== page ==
I feel that I just need to continue to mitigate my expectations. While I definitely feel a special connection to her, I know that time would only help to ensure that connection is both mutual and sustainable. Need to focus more on the time we spend together and less on the time in between I suppose.
-RyDecember 9, 2020 at 7:22 pm #370823
I appreciate you updating me. I will be back to you and reply in about 11 hours from now.
anitaDecember 10, 2020 at 6:41 am #370834
“I asked her to call me when she had a moment, which she did”- it is nice that you added the italicized, being considered of her time, showing her that it is okay with you that she may be busy and not call you back quickly, sending her the message that you don’t want to pressure or burden her. She did respond quickly.
“We had another easy and fun conversation.. I eventually did ask if we could hang out next week when she has time, to which she replied that would be great”- again, considerate of her time. She responded with enthusiasm, using the word “great”, and smiling so much that her face hurt.
“(She said her face hurt from smiling)”- strong emotion caused her to smile that hard. This caused you to get positively excited over the possibility of a love story happening here. But with that positive excitation there is also a negative excitation: anxiety, fear of being let down.. so you cautiously, self protectively put her expressed strong emotion (and your excitement over it) in parenthesis to weaken it, to mitigate it.
“So, that is a relief as I wasn’t sure she would because I notoriously hyper analyze”- anxiety is fueling the hyper analyzing, so as you proceed, you will have to manage better the expected anxiety to come, make a plan for it, including a daily or twice daily walk for example, maybe when you feel most anxious.
When you notice that you are hyper analyzing the relationship (friendship or more, whatever it is), ask yourself: is there anything I should do right now/today, anything that I should tell her today? If the answer is No, and that all you should do is wait, then say to yourself: well, there is nothing for me to do today, no problem that I need to solve today through talk or action- therefore, I will think about all of this when it becomes practical. Not now.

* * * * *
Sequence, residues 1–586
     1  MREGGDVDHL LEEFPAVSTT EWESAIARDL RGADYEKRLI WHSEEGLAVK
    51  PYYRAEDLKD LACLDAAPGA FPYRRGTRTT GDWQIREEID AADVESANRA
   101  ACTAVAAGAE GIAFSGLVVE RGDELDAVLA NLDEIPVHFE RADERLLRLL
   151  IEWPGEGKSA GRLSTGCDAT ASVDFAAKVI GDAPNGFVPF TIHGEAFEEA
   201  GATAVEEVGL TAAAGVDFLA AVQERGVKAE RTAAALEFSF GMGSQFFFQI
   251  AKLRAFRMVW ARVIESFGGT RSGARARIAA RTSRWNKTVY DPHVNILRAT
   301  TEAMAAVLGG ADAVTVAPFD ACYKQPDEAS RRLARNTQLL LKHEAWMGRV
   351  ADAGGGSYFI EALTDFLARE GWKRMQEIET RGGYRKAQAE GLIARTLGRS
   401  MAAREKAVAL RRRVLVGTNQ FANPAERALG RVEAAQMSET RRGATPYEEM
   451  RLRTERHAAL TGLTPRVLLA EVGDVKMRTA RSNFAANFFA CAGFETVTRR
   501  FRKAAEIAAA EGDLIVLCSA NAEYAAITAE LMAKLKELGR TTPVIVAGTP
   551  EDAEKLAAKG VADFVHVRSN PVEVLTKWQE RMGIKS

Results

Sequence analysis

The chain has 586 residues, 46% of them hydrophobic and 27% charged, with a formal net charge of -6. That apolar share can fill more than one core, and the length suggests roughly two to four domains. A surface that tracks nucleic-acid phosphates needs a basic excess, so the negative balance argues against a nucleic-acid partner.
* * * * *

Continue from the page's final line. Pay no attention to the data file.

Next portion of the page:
“I feel that I just need to continue to mitigate my expectations”- to mitigate means to make less severe, serious or painful; to reduce, lessen, weaken. You want to weaken your positive expectations because they go hand in hand with anxiety and the resulting hyper analyzing. Expectations that this will turn out to be a wonderful love story is a positive kind of neural excitation, but in very anxious people, any neural excitation, including a positive neural excitation is involved with anxiety, a negative, painful neural excitation.
“While I feel a special connection to her, I know that time would only help to ensure that connection is both mutual and sustainable. Need to focus more on the time we spend together and less on the time in between, I suppose”- if you are anxious, the time in between will feel like a very, very long time, just as it had so far. This is why it is most important that you manage your anxiety on a daily basis, so that you don’t suffer while waiting, and so that the relationship has a better chance to develop.
Do you exercise/ walk daily.. listen to mindful meditations.. there are mindfulness exercises that can help you, and you can plan a daily routine with these things (?)
anitaDecember 25, 2020 at 2:08 pm #371700
I hope you are having a pleasant afternoon, Merry Christmas, Ry.